Additionally, the inactivity timer can be modified in response to the type of radio configuration (“RC”) channel used by a wireless communication unit. To illustrate the possibilities, it would be helpful to briefly describe three types of forward RC configurations. An RC3 connection will typically use fewer radio frequency (“RF”) resources but always more Walsh code resources when compared to an RC4 connection. An RC5 connection will often use more RF resources than an RC3 or RC4 connection and just as many Walsh code legs as RC3 resulting in almost always more resource consumption than the RC3 and RC4 connections, due to the higher user bit rate possible with RC5.
To best allocate the resources of a system using RC3, RC4, and RC5 connections in accord with a preferred approach, the inactivity timers for the wireless communication units in the system are typically adjusted as follows. Because the RC5 connection almost always consumes the most resources, the inactivity timers for wireless communication units using this connection in the active mode will tend to be shortened relative to inactivity timers for wireless communication units using RC3 and RC4 connections. If a system is more heavily loaded in RF versus Walsh code resources, the inactivity timers for wireless communication units using RC4 connections will tend to be shortened relative to units using RC3 connections because the RC4 connections consume more RF resources. In turn, if a system is more heavily loaded in Walsh code resources, the inactivity timers for wireless communication units using RC3 connections will tend to be shortened versus units using RC4 connections because the RC3 connections consume more Walsh code resources than RC4 connections.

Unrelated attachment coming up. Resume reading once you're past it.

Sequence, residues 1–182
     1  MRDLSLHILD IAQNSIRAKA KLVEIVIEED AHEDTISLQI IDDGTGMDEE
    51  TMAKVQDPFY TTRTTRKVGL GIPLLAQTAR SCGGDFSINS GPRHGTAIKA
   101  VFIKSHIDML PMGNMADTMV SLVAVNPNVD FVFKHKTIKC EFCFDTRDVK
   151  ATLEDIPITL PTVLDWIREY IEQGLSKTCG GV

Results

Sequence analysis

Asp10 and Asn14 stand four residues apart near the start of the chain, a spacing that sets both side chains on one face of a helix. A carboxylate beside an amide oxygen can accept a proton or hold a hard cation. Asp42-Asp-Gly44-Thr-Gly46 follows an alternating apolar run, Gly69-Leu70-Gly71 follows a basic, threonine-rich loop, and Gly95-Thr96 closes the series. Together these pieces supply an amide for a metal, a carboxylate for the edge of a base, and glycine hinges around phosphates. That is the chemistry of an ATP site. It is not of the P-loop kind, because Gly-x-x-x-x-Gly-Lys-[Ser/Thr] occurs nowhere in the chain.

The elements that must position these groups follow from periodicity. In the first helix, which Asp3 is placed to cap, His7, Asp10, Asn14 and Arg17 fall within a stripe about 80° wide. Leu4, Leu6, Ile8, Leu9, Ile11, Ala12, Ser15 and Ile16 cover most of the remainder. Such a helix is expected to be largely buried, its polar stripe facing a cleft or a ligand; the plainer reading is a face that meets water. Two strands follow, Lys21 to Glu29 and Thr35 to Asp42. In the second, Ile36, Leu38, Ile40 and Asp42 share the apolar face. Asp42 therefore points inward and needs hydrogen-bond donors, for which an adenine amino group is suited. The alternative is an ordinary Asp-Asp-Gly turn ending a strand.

The example regarding RC3 and RC4 connections also illustrates an embodiment wherein an extra monitoring step is taken before setting an inactivity timer. As seen in
Optionally, the inactivity timer can be set 21 after checking 23 a fairness parameter setting in addition to monitoring 20 unit specific parameters and/or monitoring 22 system specific parameters. In accordance with various embodiments of the invention, a fairness parameter is a measure of how much an inactivity timer will be biased for a given wireless communication unit. Fairness, as it is known in the art, generically refers to how equitably resources, typically data rates, are allocated among users. For example, the fairness parameter for a wireless communication system can vary between 0 and 1 where a setting of 0 is “completely fair” and setting of 1 is “completely unfair.” A completely fair setting means that the inactivity timer for all wireless communication units within a given system will have the same setting. A completely unfair setting means that the inactivity timers for the wireless communication units will be biased to strongly favor the more efficient connections over the least efficient connections. In other words, with a fairness setting favoring an unfair distribution of resources, the inactivity timer will be increased for the more efficiently connected wireless communication units whereas the inactivity timer for the less efficiently connected wireless communication units will be decreased.